I rented a cabin in Washington state’s glorious Methow Valley in early December, 2008 and spent four nights there alone with my laptop, a milk-crate of reference books, a French press, a pound of beans, and the notes I had for a novel. Like the one I am now working on, it too was an escapist love story set against the backdrop of adventure travel. I arrived there at my solo retreat unprepared. I wasn’t ready for that moment either professionally or mentally. My attempt at pantsing (what writers call writing without an outline, as in “by the seat of one’s pants”) went okay for two chapters and then fell apart. It was an undeveloped idea, a pan of Yorkshire pudding deflated by my hastiness to peak inside the oven. I was so anxious to get started that I ignored the way I know I work best. I went there to write without distraction and ended up spending that time doing a very small amount of the preparatory work I should have done at home, for free, where I would have had better Internet and been more productive.
I never came back to that novel in the years since, except to occasionally jot some ideas down while on our bicycle trip.
Mike Krahulik, part of the incredible duo responsible for the Penny Arcade empire, once told an aspiring comic book artist that if you truly have a passion for your art, you will find time in the day to hone your craft, even if you spend all day at work in that same field. The artist was a professional graphic designer, doing commercial artwork by day. At the end of a full day’s workload, he found it very hard to then practice his comic book craft at night. I can sympathize.
My annual contracts with BradyGames (now Prima Games) were a blessing in that I had steady income and always knew where my next project was coming from. On the other hand, the deadlines and workload allowed for little downtime when on a project, particularly once seemingly every book required lengthy time on-site at a developer’s studio. Like the artist, I found it very difficult to want to expend any remaining energy I had on writing fiction after spending the bulk of my day writing for a paycheck. There was also the matter of effectively being on-call. The benefit to having me under contract was, theoretically, that I was always available. I took this seriously, both as a condition to honor and as an excuse. I refused to dig back into my novel between projects, citing the inevitability of having to abruptly turn my attention to the next strategy guide. I used this same mentality to talk myself out of taking on a number of DIY projects around the house as well. It was a paralysis caused by the fear of leaving something unfinished, not realizing that making some progress would have been better than making none at all.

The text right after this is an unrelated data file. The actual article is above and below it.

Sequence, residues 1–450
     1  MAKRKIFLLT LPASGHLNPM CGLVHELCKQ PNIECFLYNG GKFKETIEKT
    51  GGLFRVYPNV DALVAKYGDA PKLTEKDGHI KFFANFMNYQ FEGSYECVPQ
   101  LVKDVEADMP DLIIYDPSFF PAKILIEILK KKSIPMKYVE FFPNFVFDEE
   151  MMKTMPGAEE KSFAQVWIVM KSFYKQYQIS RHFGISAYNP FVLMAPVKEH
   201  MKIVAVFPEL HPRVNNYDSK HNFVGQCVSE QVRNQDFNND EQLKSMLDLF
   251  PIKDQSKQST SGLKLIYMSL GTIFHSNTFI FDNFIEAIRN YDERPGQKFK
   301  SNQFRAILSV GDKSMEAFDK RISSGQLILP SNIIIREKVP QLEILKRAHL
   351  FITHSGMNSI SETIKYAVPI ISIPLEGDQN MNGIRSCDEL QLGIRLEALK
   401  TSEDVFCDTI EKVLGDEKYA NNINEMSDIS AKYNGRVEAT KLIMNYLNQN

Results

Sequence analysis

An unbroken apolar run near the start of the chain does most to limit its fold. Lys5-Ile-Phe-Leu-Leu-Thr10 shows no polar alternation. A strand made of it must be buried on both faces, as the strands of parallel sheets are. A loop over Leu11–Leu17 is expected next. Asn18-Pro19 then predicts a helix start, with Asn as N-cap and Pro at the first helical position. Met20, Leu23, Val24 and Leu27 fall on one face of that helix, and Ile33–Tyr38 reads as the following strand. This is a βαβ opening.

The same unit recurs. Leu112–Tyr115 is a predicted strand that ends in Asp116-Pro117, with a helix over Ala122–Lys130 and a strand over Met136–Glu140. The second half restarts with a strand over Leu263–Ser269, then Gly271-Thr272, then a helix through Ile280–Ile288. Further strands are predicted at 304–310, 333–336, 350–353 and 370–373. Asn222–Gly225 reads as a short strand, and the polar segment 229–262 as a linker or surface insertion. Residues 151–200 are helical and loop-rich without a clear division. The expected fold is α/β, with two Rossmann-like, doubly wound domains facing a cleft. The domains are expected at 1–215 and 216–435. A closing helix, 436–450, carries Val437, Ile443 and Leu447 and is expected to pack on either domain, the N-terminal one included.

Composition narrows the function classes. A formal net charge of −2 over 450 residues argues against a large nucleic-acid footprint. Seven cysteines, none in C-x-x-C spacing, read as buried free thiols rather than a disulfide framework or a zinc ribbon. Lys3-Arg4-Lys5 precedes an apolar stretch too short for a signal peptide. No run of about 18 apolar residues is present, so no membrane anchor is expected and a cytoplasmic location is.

In my memory I see myself moping around like Eeyore, “Oh, what’s the use? I’m just going to have to stop in a day or two anyway. Oh bother.” The reality was that I sometimes had weeks between projects instead of days and I could have actually gotten a lot done, had I not have been afraid of putting it on hold.
A largely self-directed apprenticeship that lasts some five to ten years and receives little attention because it does not contains stories of great achievement or discovery.” – Robert Greene in Mastery
That’s not going to be a problem this time around, thanks to my amazing wife. We return from our travels in a situation that allows me to focus full-time on my fiction writing (with the occasional strategy guide thrown in to keep me honest). She and I have discussed the realities of this pursuit ad nauseam and she knows full well that it could take multiple books and several years to truly launch this career. These are the difficult years, as Robert Greene calls them. If it happens at all. In preparation, I’ve put together a four-year timeline of key milestones I hope to hit in pursuit of my goal. It’s an amazing opportunity I’ve been gifted, to not only find the so-called muse, but have her financial support and blessing as well. I’d do backflips if I could.
What to Expect?
My plan for this website and blog is to chronicle my journey to becoming a novelist. Along the way, every Tuesday, I’ll be sharing with you the lessons I learn studying the craft of writing and story telling; thoughts and analysis on the books I’ve been reading; and infrequent updates on my work-in-progress. You can also expect to find occasional entries discussing our return to the Pacific Northwest, my love of mountain biking, and thoughts on travel, among other things. Essentially, everything I’m passionate about and feel most strongly about that given week.
A second weekly post, live every Friday, will include six curated links and summaries of articles that I found interesting and/or helpful. Five of the links will be strictly related to the world of publishing. Most are geared towards writers, but I suspect avid-readers and lovers of all things bookish will find some interesting reads here as well. The sixth link will be a pure bonus link relating to anything and everything I find fascinating online.
I have a few other plans for annual and semi-monthly recurring topics, but you’ll just have to stay tuned for those.
So welcome to my site. I’m really happy to have you along for the ride. Please be sure to leave any questions or comments in the space below and I’ll try my best to respond. Thanks for reading!